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Florida citrus: Hope despite the challenges


What’s going on with Florida citrus?

Recent news items paint a rather contradictory picture.

It has been widely reported that the Florida citrus crop for this year, at 44.5 million 90-pound boxes, is expected to be the smallest since the Second World War and 16.5 percent smaller than the previous year.

Yet in some areas, citrus plantings are on the rise, and some growers are starting to see them as a viable alternative to row crops.

Reduced output is blamed on the disease known as citrus greening (huanglongbing, in the California dialect). It is still spreading throughout the region.

“The disease that has devastated the Florida citrus industry has been spotted in multiple locations in the Southeast in recent years, including earlier this month in a small grove in Grady County, Georgia,” reports Citrus Industry News. “Citrus greening was also discovered in the Florida Panhandle’s Franklin, Leon, Escambia and Washington counties in 2021.”

Citrus greening isn’t curable, except by pulling up and destroying the trees, which can be heartbreaking after a multiyear investment of time and money. The best prevention method is to control the disease’s insect vector, the Asian citrus psyllid.

Florida citrus is primarily goes to juicing and processing—87 percent, in fact. But it is also the world’s largest producer of grapefruit.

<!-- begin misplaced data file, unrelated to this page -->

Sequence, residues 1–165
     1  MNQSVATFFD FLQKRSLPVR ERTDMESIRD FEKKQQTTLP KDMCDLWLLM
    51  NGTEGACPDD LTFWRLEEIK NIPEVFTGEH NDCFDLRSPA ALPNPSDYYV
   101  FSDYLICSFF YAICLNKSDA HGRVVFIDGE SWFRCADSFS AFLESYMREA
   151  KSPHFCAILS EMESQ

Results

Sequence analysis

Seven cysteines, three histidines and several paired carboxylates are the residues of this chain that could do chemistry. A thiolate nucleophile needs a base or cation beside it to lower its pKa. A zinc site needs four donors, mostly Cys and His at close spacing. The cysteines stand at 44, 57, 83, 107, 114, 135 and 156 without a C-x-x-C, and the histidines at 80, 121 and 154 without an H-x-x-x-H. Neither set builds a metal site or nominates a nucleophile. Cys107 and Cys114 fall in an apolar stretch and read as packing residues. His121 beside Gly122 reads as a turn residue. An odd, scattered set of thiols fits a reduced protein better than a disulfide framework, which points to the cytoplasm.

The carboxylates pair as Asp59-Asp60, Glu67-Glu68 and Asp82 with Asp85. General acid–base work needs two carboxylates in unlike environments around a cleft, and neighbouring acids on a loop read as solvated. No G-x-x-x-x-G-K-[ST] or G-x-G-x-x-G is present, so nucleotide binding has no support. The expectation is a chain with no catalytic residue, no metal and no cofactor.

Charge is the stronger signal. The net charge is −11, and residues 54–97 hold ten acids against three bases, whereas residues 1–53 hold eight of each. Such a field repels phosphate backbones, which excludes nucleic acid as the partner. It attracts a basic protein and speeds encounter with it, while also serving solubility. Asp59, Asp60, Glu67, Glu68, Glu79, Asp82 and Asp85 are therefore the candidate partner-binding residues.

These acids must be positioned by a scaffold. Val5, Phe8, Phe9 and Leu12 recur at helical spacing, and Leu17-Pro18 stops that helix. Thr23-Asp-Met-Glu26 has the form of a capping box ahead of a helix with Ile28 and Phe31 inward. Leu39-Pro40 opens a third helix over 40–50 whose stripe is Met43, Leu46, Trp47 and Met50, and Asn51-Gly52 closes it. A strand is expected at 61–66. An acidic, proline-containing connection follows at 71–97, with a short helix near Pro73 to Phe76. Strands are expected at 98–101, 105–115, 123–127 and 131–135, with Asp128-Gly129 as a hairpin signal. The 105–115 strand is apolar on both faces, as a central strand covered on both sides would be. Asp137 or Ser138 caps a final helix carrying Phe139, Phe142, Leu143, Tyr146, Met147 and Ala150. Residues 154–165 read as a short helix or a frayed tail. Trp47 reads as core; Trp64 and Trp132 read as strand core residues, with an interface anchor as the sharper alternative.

Some hope may lie in the Donaldson tree. Florida Citrus Commission chairman Steve Johnson says, “Recently rediscovered at USDA’s Whitmore Farm, this decades-old tree is abundantly producing early-season oranges and despite being infected with HLB, appears as healthy. The fruit it bears is pretty close to what we all strive for today—the size, quality and hardiness we might have taken for granted in our pre-greening years. As we continue to feel the impact of this disease in our groves, the Donaldson tree is a beacon of hope.”

Is the industry putting too much hope into a single tree? Possibly, but then there were those two orange trees in Riverside that were the ancestors of all navel orange trees grown today. (One of them still survives.)

And the avocado industry should lift a glass or two to California mailman Rudolph Hass, whose single tree, grown from a seed purchased in Whittier, is the primordial ancestor of all Hass avocados, and with it, the avocado industry as we know it today.


Richard Smoley, contributing editor for Blue Book Services, Inc., has more than 40 years of experience in magazine writing and editing, and is the former managing editor of California Farmer magazine. A graduate of Harvard and Oxford universities, he has published 12 books.